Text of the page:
Exploring the great cities of Norway, I found they were very similar to Denmark’s with bountiful green spaces and integrated nature. However in contrast, I immediately got the impression the nature here was on a much grander scale, as some of the smallest mountains easily dwarfed Denmark’s highest point of 178m.
This was soon confirmed on the world famous Oslo – Bergen train ride. Getting lucky with a randomly assigned window seat — it provided the perfect frame to an ever-changing piece of art. Firstly sweeping through lush green fields, the vista soon switched to electric blue lakes gleaming in the sun light. A few hours later we had climbed hundreds of meters and the scenery had transitioned to a much more rugged, alien landscape. Humungous boulders decorated the mountain slopes and the small trees resembled large weeds. Exiting one of the many tunnels, darkness reverted to light and as if by magic we had time travelled from Summer to Winter at the highest point of the journey. Snowy mountains, accompanied by melting glaciers, created waterfalls which crashed into icy lakes…
The raw diversity of nature in Norway was on full display, however despite the ever- changing scenery, there was one constant which dotted the landscape. These were the quaint wooden cabins, which according to the local sat next to me were typical
Norwegian vacation homes. We conversed for hours and one of my biggest learnings was — Norwegians are a very proud and resilient people. Not only do they regularly vacation in their own country, but they do so at all times of the year!
This underlying notion of appreciating nature, became more apparent whilst exploring my destination of Bergen. Hugged tightly by mountains and in unison with the sea, I met several friendly locals here which embodied the charismatic nature of the city. Most memorable of which was a local named Anne, on the hike up Mount Fløyen.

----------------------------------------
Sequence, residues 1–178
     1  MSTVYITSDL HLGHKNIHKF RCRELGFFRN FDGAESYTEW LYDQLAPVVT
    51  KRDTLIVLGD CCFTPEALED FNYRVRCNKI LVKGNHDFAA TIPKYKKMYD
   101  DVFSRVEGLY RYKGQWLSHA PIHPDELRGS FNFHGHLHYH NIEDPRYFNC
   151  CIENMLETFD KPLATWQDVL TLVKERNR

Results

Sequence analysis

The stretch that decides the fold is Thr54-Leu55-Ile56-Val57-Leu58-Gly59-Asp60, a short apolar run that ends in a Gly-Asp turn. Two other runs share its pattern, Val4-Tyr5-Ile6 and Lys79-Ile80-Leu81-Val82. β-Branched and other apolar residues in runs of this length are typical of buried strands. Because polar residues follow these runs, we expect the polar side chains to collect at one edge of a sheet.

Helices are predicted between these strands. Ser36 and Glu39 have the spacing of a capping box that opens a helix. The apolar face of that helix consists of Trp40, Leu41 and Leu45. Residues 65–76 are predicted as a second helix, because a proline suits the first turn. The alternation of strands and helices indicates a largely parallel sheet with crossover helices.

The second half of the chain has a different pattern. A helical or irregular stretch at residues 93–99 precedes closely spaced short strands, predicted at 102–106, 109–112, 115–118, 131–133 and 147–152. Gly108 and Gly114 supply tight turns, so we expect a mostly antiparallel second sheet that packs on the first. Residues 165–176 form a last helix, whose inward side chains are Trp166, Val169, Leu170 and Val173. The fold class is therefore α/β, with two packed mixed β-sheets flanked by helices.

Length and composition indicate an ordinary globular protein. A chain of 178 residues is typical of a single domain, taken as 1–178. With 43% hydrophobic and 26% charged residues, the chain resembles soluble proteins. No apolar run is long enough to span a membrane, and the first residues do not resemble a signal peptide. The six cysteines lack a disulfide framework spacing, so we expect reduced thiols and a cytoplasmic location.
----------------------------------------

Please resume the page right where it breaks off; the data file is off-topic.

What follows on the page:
Channeling my inner rebel, I left the marked tourist trail behind to forge my own path. Climbing higher and steeper, I stumbled upon a view to die for, however to my surprise I wasn’t alone in admiration. Anne had beat me to this spot — some 20 years ago, where she returns most Sunday’s to walk her wolf and eat lunch.
We spoke for 2 hours, discussing all things Norwegian, including the big questions around happiness and why she chooses to continually return. Interestingly, the answer to both questions was the same — “Friluftsliv”. Similar to, but not as catchy as Danish ‘Hygge’, Friluftsliv represents the inherent Norwegian connection with nature and as described by Anne — ‘is not about consuming the nature, but experiencing its infinite uses!’. Directly translating to ‘free air life’, I believe this philosophy is a core contributor to Norway’s happiness.
Walking away from that encounter inspired by Friluftsliv, I decided to ‘go all in’ by travelling to Odda and completing several challenging hikes. Most noticeably the ‘expert’ level, 12 hour Trolltunga hike, which saw me traverse through 14km of boggy marsh, jagged rocks, rapid streams and solid snow to successfully reach the 700m high jutting rock.
Throughout the journey, I experienced a few of the infinite uses Anne had proclaimed. My mind became clear and focused on the present. In both senses I gained new perspectives, and fully embraced the newfound feelings of freedom, confidence and health. I continually used the spectacular scenery for motivation and ultimately felt an overwhelming sense of happiness and achievement once I had reached the Trolls tongue!
When reflecting on the few uses of nature I experienced, and considering the below:
ubiquitous presence of awe-inspiring nature in Norway
the official “Allemannsretten” law which gives everyone the right to experience this nature, even if it’s on privately owned land
the Friluftsliv philosophy of consistently making time to appreciate and use the nature for personal wellbeing